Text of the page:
Misty Springs — Hole #9: Par 4

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Sometimes the tee box is across the water and it makes this hole more difficult, but the key is just to hammer your tee shot down the fairway (either an A1 or a long, straight drive down the left side) and stay away from the trees on the right. Even if you’re in the middle of the fairway, the trees can be in the way of your approach shot, so stay long and left!



Misty Springs — Hole #10: Par 4

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You’ll be hitting to 1 of 2 fairways here, but either should be easy — just hit it far and leave a good approach shot.

From the right tees, you can blast an A1 far enough out to leave a nice approach shot.  If possible, though, try to roll your ball off the top fairway down onto the lower section so you’re level with the green for your approach shot.  It’s much easier from here.  Here’s a long, hanging hole-out from up top!

If you’re on the left fairway and the pin is at the top right, there’s a tiny hill in the back of the green that’s a nice backstop.  Here’s a hole-out coming in from the left.

Either way, be careful with your approach shot. The green is way downhill so the wind will certainly grab it more.



Misty Springs — Hole #11: Par 4

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This is a very tough, long par 4.

From the 3 left boxes, the tee shot is easier – just hit an A1 around the trees and back down the fairway, leaving an easy iron to 3-wood approach shot.  Here’s a short hole-out available from a generous tee box.

If you’re on one of the right 2 boxes, here comes trouble. Aim one rotation left of the trees you have to get around, and hit an A1.5 or A2 2-iron to 3-iron with backspin. If you barely clip the leaves on the last tree you have to get around, you’ve achieved the best shot possible. You will end up on the right side of the fairway with a straight driver to 3-wood approach shot.  If the wind is strong in your face, consider a 5-wood around the trees with backspin, because the wind will help push it to the right side where you need to be.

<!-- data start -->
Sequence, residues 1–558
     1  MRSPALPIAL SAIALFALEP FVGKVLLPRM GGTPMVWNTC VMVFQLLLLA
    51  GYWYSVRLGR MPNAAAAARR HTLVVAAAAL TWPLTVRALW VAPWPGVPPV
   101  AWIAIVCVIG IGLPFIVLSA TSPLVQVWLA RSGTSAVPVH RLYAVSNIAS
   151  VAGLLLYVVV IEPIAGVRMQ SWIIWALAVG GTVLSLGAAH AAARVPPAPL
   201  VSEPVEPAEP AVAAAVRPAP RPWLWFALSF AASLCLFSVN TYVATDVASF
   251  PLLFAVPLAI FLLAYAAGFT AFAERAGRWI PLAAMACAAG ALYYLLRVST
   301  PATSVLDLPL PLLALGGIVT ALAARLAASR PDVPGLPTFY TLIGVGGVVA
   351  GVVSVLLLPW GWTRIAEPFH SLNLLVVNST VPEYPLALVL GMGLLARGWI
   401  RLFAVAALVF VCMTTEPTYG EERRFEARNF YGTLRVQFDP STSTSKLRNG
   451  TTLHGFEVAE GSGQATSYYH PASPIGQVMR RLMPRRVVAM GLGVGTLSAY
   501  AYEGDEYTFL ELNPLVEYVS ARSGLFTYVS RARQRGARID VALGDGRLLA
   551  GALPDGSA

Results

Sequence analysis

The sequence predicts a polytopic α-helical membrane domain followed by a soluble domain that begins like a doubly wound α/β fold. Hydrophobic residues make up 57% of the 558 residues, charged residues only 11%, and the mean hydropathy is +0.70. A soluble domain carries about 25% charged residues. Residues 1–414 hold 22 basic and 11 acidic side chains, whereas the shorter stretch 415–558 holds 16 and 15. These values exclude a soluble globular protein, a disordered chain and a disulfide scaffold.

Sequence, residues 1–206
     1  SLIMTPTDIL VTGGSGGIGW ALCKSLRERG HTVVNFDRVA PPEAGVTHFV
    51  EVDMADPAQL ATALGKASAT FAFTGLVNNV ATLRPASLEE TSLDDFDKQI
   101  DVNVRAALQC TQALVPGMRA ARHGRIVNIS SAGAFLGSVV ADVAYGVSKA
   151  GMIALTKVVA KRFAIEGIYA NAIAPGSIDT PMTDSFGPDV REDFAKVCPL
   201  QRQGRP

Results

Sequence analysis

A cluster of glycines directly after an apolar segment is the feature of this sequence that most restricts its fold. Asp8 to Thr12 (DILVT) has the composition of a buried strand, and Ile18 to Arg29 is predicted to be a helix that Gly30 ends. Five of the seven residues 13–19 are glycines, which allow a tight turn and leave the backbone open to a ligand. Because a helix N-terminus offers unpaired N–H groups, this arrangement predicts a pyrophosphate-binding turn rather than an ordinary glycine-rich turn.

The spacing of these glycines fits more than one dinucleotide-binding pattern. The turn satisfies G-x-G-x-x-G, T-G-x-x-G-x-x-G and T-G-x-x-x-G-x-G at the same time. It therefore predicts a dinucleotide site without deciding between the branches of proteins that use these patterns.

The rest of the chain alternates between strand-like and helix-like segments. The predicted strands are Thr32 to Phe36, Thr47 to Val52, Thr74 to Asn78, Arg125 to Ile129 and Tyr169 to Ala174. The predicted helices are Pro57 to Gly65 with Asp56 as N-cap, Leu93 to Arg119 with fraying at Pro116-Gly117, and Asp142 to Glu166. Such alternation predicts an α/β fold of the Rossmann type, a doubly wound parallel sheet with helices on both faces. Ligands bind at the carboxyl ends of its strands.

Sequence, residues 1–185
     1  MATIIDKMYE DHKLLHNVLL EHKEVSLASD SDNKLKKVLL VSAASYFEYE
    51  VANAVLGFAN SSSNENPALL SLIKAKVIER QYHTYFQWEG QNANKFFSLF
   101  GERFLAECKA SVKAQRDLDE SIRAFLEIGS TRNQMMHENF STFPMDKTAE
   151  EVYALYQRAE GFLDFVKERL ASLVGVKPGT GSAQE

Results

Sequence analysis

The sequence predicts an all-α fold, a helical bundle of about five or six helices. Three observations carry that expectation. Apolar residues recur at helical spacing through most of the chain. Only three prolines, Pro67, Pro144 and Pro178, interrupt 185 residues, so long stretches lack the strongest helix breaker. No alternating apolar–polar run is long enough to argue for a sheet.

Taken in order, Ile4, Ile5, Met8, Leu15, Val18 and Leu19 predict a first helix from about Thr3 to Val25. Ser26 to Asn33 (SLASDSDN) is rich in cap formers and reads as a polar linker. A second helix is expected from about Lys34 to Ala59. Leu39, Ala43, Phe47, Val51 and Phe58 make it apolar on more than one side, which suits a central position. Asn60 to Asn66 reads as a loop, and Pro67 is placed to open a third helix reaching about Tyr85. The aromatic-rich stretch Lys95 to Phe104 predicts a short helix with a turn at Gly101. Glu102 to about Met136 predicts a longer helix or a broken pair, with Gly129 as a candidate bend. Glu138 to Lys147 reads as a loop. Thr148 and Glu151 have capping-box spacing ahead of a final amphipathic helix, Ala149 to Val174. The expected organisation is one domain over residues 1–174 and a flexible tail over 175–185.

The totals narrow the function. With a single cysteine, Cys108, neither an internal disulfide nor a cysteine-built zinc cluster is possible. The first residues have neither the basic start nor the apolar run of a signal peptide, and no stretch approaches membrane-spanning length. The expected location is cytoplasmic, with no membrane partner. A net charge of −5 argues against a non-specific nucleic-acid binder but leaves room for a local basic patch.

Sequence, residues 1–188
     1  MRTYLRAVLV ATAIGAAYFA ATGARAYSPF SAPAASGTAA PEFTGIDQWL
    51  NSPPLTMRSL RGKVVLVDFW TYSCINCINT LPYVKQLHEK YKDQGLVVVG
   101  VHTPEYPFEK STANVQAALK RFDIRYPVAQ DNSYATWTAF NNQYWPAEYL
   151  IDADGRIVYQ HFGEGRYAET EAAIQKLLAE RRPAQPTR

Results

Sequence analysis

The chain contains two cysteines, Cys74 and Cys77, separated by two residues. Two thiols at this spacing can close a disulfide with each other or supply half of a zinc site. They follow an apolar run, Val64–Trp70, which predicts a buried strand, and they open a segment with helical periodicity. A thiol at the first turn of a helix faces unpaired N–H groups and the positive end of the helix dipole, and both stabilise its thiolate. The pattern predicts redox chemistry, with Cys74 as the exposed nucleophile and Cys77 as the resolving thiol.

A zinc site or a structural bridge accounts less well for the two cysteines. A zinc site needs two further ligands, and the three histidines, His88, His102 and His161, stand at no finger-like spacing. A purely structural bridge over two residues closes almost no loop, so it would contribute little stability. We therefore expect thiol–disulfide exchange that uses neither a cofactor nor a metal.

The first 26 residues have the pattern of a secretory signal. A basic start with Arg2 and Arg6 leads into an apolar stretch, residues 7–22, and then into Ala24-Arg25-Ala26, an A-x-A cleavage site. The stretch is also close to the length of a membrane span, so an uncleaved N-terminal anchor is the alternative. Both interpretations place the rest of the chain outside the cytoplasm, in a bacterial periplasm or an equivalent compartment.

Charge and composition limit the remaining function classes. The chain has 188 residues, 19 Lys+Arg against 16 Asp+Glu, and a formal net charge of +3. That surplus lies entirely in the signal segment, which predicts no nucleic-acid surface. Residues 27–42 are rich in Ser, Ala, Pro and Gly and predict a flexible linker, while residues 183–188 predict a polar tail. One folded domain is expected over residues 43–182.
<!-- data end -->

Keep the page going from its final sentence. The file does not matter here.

If you miss all the trees but are still in the fairway, you’re still in decent shape – you’ll just have to hit a B3 3-wood to driver around the trees on the left. Watch out for leaves up top. Consider using roll if you might come up short with a back pin – roll will help the ball climb the upslope on the green.

If your tee shot doesn’t get around these trees and ends up in the forest, it sucks in there (although you may run into Bigfoot and all the other animals in there, which is fun unless they are in your way)! Just get out safely without hitting another tree.



Misty Springs — Hole #12: Par 3

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Pin placement can make it tough to attack the pin, but the green is large – make sure you get birdie at worst!  There are tee boxes on all sides here!  Here’s a hole-out from one side.  Check out this hole-out from the other side.  Here’s another hole-out from across the lake.



Misty Springs — Hole #13: Par 5